Stroke Alliance for Europe (SAFE)

SAFE
SAFE is a network of SSOs (stroke survivor organisations) whose members are stroke survivors, carers, neurologists, researchers, therapists and campaigners. It is the only network of this type in Europe. Half of the current SAFE board are stroke survivors.

It was launched in October 2004 and was born out of a strategic workshop held in the European Parliament in June 2003 that led to a declaration calling upon the European Union and its Member States to tackle stroke as a preventable catastrophe.

SAFE is non-profit-making and has 28 member SSO spread over 24 countries. It represents a range of patient groups whose mutual goals include driving stroke prevention up the European political agenda, supporting stroke research and the prevention of stroke through improved education. SAFE is therefore an umbrella organisation that combines its members’ resources and strategy across Europe and also serves as a role model for the World Stroke Organisation in establishing stroke support organisations on a global level.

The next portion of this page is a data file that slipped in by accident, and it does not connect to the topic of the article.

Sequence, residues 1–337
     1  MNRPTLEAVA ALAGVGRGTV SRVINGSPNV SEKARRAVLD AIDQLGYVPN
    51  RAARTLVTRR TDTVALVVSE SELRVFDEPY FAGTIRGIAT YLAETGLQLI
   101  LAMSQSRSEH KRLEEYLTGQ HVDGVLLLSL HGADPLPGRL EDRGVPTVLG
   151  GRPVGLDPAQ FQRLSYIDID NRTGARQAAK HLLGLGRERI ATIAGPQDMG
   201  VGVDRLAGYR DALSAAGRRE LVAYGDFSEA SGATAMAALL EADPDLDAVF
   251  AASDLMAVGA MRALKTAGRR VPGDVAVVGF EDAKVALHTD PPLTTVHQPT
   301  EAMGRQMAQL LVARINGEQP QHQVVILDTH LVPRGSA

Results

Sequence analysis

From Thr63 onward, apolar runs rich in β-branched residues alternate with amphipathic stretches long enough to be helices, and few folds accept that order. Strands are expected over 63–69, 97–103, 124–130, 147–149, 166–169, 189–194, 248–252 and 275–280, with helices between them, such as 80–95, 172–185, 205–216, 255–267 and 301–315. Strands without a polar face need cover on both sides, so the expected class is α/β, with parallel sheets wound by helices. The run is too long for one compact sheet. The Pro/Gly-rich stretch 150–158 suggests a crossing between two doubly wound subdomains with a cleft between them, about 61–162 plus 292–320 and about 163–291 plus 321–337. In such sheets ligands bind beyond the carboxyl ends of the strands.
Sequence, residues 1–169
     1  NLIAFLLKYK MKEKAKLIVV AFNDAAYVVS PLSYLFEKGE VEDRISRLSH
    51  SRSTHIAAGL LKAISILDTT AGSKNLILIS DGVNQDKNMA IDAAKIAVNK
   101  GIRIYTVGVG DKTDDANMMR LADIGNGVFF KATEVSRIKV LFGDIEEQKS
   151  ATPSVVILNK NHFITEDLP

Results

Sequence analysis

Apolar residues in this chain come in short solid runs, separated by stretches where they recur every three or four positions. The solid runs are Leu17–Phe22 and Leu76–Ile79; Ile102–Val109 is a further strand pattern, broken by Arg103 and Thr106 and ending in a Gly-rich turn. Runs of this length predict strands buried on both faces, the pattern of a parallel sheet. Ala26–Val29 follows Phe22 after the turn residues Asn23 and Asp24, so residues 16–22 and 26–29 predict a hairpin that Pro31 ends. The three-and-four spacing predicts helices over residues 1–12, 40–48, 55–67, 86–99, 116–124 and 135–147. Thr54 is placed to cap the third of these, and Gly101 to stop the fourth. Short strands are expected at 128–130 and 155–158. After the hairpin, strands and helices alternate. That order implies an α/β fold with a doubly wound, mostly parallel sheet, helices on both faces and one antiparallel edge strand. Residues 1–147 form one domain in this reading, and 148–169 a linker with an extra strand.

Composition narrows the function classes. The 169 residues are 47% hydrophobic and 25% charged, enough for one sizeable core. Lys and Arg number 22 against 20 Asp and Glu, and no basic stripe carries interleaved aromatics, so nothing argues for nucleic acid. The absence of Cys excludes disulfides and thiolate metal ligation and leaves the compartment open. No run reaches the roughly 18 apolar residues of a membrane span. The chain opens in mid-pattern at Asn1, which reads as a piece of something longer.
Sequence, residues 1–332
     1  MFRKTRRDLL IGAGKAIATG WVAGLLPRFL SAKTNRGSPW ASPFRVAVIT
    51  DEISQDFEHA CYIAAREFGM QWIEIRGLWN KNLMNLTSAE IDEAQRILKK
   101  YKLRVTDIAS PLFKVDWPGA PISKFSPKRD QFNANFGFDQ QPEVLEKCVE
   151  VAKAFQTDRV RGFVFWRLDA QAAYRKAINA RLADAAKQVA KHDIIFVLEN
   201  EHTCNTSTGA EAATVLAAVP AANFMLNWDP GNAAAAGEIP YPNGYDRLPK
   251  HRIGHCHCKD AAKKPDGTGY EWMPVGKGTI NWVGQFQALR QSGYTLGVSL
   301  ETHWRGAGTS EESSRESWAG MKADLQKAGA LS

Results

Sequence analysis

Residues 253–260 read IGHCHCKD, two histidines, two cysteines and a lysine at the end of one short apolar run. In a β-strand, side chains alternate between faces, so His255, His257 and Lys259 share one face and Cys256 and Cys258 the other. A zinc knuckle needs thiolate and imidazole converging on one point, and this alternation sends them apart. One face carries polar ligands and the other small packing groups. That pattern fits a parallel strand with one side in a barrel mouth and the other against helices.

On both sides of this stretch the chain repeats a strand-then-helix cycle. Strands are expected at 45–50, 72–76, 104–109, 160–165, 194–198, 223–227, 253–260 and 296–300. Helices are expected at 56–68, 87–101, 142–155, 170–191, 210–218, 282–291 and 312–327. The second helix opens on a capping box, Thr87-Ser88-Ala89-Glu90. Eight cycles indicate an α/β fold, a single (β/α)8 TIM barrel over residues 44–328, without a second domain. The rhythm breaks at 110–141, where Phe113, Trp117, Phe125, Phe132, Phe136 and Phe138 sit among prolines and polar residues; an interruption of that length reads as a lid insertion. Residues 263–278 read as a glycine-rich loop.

SAFE is actively engaged in campaigning, education and research, all of which contribute to the advancement of stroke prevention, acute treatment, and the improvement of the quality of life of stroke survivors, their families and caretakers.

Roles and tasks of SAFE in SVDs@target

SAFE will contribute to WP7 Dissemination, Exploitation and Communication in which it will primarily have responsibility for multi-channel communication of the project via outreach to all patient representative bodies and the relevant wider public in the European stroke community.

 

 

Key staff

Dr. Gary Randall

Dr. Gary Randall

 

Dr. Randall is European Research Manager at the Stroke Association (UK) and also Research Officer for the SAFE network where he has responsibility for participation in multiple EU projects. Gary has a PhD in Cognitive Psychology and is an expert in the modelling of cognitive function. He has post-doctoral experience as a Research Fellow at Harvard Medical School and until early 2014 he had spent 14 years at BMT Group, rising to Principal Researcher and working on 15 EU funded projects in various roles and sectors, including health.

 

His current research interests include cognitive rehabilitation and the role of assistive technology in stroke. Gary has wide experience of project dissemination and exploitation support in EU projects and he has direct experience of these issues in stroke via the FP7 project CogWatch of which he was a joint author.

 

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